Today’s picture is another from Kevin’s colourful aquarium.
After the dreary weather of the last two days, today was a welcome change. It was dry, warm and pretty well windless. Dropscone was on a visit to the dentist so I went out for a gentle saunter on the new bike. I left myself a little time to look at the birds before I went.
I chose a familiar circuit by Falford, Gair, Chapelknowe, Canonbie and home and enjoyed the silent pedalling experience of the belt drive. It is sometimes so quiet that it leaves you alone with nothing but your thoughts for company, an unnerving situation. I stopped for a couple of bridges, one an old favourite at Between the Waters….
…and the other an unfamiliar one, one of a multitude of small stone bridges that carry the country roads across little burns. This one is between Springkell and Chapelknowe.
I took my time going round, averaging just over 12 mph for the 27 miles and it was lunchtime when I got home. I was about to have a shower and a good sit down when Sandy rang up from the Moorland Feeders suggesting that I joined him. This speeded up the ablutionary and alimentary proceedings and I was soon up at the feeders enjoying a positive whirlwind of birds flying in every direction.
Though I did have time to sneak a look out of the kitchen window while I was shovelling down the stilton and celery soup.
Sandy had been there for a couple of hours before I arrived and was in the middle of a combination of still and movie photography. I concentrated on getting my camera as close to a feeder as I could without disturbing the birds. They are obviously getting used to our tripods because there was no shortage of visitors to my chosen targets.
I looked at both seed and peanut feeders.
An accidentally captured woodpecker emphasised the difference in stature between it and a coal tit.
I turned my attention towards woodpeckers on purpose next.
These are the sharpest shots of a woodpecker that I have taken so far.
As we left the site, a bright glow of light could be seen to the west.
The strip of bright weather made Sandy think of starlings and he suggested another run down to Gretna. This looked like a good idea so after a cup of tea, off we went, The drive down would have been a treat in itself without any need to watch starlings so brilliant was the view of the setting sun across the estuary. We stopped for a quick picture…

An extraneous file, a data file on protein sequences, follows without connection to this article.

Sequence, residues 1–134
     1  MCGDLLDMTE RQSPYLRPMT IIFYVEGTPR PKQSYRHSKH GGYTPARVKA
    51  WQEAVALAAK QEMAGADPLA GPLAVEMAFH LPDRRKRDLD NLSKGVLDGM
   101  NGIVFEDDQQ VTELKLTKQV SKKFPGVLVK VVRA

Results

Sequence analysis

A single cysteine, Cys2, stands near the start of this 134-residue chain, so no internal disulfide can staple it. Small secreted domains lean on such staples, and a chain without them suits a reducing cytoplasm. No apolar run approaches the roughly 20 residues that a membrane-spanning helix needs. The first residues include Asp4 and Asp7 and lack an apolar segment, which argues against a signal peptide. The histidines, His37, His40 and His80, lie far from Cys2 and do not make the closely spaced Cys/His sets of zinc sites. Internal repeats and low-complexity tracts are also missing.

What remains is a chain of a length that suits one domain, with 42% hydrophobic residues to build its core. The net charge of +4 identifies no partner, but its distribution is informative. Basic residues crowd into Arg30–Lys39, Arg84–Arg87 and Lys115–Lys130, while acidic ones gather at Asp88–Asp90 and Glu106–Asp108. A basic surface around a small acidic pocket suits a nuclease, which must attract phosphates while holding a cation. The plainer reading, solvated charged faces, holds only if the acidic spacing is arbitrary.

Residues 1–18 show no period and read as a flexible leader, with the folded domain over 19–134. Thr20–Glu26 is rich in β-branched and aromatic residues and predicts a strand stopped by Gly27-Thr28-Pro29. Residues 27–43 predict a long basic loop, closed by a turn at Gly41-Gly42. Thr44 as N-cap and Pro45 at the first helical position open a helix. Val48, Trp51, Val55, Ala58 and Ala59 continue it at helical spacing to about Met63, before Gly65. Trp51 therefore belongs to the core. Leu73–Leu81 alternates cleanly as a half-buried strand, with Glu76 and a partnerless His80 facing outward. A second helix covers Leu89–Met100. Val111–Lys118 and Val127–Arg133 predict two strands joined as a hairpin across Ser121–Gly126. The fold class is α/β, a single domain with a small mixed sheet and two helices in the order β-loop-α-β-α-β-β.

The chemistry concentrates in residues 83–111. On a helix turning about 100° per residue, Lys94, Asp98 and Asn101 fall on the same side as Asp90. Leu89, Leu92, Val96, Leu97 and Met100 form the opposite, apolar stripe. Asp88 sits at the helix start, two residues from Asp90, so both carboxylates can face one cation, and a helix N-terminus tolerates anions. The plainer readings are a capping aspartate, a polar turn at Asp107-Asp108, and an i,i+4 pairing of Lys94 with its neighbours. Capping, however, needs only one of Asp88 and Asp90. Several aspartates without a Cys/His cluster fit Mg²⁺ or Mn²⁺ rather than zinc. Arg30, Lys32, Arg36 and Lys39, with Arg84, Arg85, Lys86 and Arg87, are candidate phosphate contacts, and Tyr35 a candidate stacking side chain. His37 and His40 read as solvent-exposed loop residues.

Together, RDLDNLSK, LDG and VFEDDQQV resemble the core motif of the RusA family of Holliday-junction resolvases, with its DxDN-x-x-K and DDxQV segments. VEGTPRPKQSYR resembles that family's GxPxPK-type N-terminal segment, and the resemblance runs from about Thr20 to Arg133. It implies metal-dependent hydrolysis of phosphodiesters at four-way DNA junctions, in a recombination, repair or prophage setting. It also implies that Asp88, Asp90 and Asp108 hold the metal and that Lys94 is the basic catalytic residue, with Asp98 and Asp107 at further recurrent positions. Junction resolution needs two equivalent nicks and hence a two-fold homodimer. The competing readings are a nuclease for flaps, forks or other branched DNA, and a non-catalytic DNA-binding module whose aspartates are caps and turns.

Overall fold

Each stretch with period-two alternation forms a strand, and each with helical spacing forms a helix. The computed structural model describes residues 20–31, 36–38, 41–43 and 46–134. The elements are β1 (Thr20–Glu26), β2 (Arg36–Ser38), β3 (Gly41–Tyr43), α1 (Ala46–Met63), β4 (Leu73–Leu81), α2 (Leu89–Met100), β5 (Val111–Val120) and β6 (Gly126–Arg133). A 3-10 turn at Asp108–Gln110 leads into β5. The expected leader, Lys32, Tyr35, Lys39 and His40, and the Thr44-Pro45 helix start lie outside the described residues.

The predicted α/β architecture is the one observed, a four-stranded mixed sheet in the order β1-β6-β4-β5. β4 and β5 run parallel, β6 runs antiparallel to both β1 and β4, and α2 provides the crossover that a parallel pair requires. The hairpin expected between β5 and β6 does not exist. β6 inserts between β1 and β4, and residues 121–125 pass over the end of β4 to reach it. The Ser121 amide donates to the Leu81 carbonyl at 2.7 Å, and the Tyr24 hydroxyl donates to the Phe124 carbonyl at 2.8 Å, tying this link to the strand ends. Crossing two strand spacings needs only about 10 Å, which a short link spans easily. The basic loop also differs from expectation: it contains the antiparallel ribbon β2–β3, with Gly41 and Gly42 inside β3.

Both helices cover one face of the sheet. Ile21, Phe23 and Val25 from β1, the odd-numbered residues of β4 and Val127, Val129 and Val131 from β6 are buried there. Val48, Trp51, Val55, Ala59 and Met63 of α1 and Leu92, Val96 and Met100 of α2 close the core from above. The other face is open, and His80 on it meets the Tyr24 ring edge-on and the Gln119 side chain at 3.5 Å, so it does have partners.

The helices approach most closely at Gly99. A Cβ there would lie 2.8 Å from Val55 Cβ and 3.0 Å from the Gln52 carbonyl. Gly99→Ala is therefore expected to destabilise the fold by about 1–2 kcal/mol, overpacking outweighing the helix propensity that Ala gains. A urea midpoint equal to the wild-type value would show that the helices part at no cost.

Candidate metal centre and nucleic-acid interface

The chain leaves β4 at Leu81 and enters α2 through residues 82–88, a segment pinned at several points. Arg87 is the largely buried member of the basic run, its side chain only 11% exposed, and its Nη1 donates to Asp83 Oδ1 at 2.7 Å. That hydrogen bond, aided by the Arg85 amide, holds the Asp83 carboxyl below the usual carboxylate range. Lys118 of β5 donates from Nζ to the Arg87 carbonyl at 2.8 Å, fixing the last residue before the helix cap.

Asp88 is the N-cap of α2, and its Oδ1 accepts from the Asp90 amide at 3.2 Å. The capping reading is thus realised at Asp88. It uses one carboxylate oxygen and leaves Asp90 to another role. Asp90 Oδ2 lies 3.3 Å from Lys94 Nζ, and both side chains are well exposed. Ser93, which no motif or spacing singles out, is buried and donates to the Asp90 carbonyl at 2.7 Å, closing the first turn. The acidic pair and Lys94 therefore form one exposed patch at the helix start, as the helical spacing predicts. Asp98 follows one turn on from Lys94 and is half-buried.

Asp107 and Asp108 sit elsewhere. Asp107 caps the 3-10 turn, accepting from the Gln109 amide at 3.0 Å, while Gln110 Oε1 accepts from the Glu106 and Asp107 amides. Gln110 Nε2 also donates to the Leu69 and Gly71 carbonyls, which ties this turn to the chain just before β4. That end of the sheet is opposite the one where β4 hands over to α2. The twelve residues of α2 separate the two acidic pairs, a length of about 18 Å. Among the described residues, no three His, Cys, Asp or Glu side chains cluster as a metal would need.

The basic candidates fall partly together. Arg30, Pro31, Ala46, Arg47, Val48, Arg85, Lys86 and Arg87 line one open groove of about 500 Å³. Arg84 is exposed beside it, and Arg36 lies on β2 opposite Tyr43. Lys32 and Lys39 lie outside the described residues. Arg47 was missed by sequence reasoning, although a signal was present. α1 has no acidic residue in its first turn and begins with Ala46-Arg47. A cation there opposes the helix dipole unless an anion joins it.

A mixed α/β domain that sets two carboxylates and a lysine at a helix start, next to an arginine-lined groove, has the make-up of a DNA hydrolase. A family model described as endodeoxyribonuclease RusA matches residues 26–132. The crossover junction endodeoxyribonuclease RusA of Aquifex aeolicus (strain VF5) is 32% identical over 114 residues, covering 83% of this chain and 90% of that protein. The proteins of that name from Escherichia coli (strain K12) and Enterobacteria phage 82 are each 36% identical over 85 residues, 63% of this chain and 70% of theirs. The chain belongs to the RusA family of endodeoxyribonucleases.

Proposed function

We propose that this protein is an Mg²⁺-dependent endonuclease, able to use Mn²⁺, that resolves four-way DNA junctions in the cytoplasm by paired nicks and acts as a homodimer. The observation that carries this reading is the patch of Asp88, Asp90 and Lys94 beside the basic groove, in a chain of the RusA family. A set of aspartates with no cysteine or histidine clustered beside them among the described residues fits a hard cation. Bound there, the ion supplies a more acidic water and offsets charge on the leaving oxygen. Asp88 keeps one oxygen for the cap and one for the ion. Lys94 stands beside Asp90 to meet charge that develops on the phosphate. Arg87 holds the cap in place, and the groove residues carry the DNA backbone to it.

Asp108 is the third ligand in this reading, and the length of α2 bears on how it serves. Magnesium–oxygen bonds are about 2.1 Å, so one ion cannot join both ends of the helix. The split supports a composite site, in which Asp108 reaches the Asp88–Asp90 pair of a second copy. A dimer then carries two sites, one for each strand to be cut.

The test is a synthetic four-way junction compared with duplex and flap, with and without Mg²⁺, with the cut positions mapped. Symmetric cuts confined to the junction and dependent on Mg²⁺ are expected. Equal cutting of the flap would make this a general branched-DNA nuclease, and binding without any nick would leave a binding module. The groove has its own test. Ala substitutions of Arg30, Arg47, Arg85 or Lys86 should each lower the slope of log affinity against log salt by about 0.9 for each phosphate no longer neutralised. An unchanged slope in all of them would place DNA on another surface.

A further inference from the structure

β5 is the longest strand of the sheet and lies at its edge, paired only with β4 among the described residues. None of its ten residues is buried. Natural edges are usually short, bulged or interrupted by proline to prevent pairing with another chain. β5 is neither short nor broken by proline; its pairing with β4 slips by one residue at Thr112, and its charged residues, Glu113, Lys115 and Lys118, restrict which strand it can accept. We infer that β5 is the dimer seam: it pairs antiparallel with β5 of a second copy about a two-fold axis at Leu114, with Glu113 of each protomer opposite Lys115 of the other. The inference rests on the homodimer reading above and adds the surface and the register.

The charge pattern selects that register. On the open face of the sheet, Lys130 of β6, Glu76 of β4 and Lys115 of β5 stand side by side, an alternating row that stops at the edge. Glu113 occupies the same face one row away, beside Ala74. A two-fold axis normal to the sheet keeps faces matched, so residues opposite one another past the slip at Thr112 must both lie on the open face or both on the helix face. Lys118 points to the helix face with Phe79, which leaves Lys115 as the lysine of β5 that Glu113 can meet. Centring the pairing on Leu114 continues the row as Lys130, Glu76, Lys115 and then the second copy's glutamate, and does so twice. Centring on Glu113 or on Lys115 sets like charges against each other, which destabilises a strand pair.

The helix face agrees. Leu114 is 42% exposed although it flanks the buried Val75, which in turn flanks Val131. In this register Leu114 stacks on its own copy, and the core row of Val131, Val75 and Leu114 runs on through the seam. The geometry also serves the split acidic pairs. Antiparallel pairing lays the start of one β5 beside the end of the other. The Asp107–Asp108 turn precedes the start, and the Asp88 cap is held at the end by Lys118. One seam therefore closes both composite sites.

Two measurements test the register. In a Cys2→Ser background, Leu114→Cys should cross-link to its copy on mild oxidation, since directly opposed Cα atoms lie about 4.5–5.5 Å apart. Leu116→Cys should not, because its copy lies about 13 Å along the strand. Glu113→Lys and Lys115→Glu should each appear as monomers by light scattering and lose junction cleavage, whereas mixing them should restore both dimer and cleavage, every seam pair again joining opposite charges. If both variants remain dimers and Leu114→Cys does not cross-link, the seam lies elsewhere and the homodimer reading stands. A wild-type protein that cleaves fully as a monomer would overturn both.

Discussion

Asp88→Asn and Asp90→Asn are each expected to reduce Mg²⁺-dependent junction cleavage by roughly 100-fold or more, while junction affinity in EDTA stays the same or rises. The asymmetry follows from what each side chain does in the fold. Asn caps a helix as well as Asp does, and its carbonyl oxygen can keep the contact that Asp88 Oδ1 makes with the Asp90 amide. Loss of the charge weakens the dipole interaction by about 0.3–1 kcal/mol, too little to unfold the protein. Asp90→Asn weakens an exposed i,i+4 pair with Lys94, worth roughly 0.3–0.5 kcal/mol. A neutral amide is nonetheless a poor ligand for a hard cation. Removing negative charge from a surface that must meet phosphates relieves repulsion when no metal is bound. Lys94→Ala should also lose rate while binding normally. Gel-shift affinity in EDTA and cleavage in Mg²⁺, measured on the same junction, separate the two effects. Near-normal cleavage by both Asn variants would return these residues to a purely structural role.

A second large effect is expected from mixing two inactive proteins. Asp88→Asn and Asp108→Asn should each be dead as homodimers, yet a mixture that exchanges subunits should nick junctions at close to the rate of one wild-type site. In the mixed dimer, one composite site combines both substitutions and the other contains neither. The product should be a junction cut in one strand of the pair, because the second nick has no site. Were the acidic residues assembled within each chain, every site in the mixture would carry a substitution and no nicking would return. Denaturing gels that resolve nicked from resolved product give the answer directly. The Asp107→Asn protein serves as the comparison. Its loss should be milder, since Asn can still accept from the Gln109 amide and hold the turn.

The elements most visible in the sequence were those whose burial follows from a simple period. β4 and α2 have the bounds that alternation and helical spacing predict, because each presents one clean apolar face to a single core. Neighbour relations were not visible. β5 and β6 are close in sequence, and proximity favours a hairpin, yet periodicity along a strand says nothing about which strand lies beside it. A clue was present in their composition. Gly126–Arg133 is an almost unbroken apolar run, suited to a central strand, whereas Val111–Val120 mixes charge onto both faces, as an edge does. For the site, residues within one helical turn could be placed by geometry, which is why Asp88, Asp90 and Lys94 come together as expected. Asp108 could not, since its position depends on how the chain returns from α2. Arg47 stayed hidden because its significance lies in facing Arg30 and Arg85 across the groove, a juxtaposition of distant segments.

I wish that we had had more time as there were splendid pictures to be had but the call of the starlings was loud.
There was still a last sunset shot when we arrived at Gretna.
There were plenty of starlings too.
As they assembled, we watched a hawk trying to get in among them.
Once they became more densely packed, it made off and left the starlings to do their thing.
All this takes place above a busy retail village and a main road.
It is quite surreal to see people going about their business without even giving the aerial ballet above a single glance. Of course, they have been aware of it every day for some time so it is no novelty to them. We waited until the birds had gone to roost and then I went back to the car. When we came out of the car park earlier, a lady carrying her shopping home had said to us rather sourly, “They may be a pretty sight to you but they are a filthy nuisance to us. I have to clean my windows every day.” I could see what she meant when I got back to the car which had been parked under their flight path.
Not a pretty sight.
If you want to hear what several thousand starlings sound like when they have gone to bed, listen to this. If you of a nervous disposition, give it a miss.
I had to wait for Sandy to join me and he explained that he had been waylaid by a reporter from The Scotland on Sunday newspaper and had been interviewed about his starling experience. We shall see if it makes it into the paper this weekend.
We returned from the starlings and went our separate ways for long enough to have our evening meal (potato, feta cheese, tomato and red pepper bake in my case) and then joined forces once again with Jean and went to the Archive Centre to do our weekly stint. I enjoyed my half pint in the Douglas afterwards. I only allow myself one unit of alcohol a week so it helps if it is good stuff.
No flying birds today as the starlings have already filled that role.
In a pleasing moment that shows that I am not the only idiot in the world, I was rung up during the day by a man who some months ago had booked a B&B in Langholm in December and had subsequently managed to lose the details. The poor fellow was having to ring up every B&B in Langholm to ask if perhaps he had booked with them. I felt great sympathy for him but it wasn’t us so he had to try again elsewhere. Such is life for the elderly.